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Washington educators engage students remotely in many ways — including singing

courtesy of Rowan Carrick
Rowan Carrick is a Tacoma elementary teacher who sings a lot in class and just sang a song about what it feels like to know in-person school is canceled.

In this age of distance learning, educators are trying to figure out the best way to connect with and engage their students. They’re emailing, holding video chats, recording video lessons, and making phone calls.

And some are singing.

Rowan Carrick teaches second and third grade at Bryant Montessori in Tacoma. She sings a lot in class, so it felt natural to write another song to let her students know they're not alone. She put it on YouTube and emailed it to her class.

“Dear class, just got the news that we won’t be back in school in May or June,” she sang, while playing the guitar and sitting on a couch surrounded by stuffed animals. “I will miss you, that’s true, but we can stay in touch through email and Zoom.”

Carrick said students share their feelings in class every day. And now, everyone is going through a lot — something she wanted to acknowledge in her lyrics.

In one part, she sings: “We’re all feeling strange and sad and weird. We all have questions and thoughts and fears. You’re not alone.”

“This is an insane time and it’s traumatic for everyone,” Carrick said. “It’s important to just be honest about it and to be open to having those conversations and saying, look, we’re not all feeling great all the time. This is really hard.”

In the Renton School District, Dimmitt Middle School principal Gioia Pitts had a flash of inspiration to take the song “Work from Home” by Fifth Harmony and tweak the lyrics to rally her students to dive into their lessons at home.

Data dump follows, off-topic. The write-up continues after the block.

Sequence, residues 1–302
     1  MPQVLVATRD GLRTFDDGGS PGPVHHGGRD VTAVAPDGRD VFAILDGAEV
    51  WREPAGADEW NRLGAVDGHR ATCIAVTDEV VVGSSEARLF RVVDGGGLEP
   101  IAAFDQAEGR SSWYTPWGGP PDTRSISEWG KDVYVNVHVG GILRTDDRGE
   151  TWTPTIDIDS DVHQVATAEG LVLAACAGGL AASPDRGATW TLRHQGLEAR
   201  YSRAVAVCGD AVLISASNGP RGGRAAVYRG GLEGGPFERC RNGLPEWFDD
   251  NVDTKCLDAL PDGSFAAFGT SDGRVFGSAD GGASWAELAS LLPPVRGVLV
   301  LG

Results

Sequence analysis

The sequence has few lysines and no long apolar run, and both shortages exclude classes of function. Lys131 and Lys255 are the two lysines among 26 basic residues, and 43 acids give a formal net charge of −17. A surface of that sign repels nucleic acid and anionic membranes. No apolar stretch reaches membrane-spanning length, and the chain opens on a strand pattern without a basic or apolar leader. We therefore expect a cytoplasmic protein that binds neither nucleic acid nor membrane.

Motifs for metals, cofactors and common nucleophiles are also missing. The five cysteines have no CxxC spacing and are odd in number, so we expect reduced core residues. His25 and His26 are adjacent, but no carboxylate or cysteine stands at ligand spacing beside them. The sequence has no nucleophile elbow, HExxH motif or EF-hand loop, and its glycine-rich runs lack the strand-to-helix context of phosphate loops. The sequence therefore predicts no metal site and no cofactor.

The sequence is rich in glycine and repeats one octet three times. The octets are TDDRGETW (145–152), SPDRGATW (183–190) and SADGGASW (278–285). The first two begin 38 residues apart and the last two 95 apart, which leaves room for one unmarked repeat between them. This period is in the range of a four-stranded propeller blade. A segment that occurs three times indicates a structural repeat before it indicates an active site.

Credit courtesy of Gioia Pitts
Gioia Pitts (lower right) is principal of Dimmitt Middle School in the Renton School District.

“I know you’re always on your Chromebooks, ’cause you’re always stuck at home,” she sang in a video posted on the school’s Twitter feed. “And I don’t need all that complainin’, but Vikings do your work at home. You gotta do the work, work, work, work, work.”

“I love that song. I love the beat. It makes you want to dance,” Pitts said. “In the song, they say, you can work from home. And so I’m like, 'That is perfect.’”

Pitts, who said she holds Friday karaoke sessions when in-person school is in session, said it's good to show students it's OK to be vulnerable and put yourself out there.

She said students joked that she and the other school staff must be bored to make something like that.

“I’m like, hey, but I got you to listen and you’ve gone to the website," Pitts said. "I’ve done my job.”

Education EducationCoronavirus Coverage
In July 2017, Ashley Gross became KNKX's youth and education reporter after years of covering the business and labor beat. She joined the station in May 2012 and previously worked five years at WBEZ in Chicago, where she reported on business and the economy. Her work telling the human side of the mortgage crisis garnered awards from the Illinois Associated Press and the Chicago Headline Club. She's also reported for the Alaska Public Radio Network in Anchorage and for Bloomberg News in San Francisco.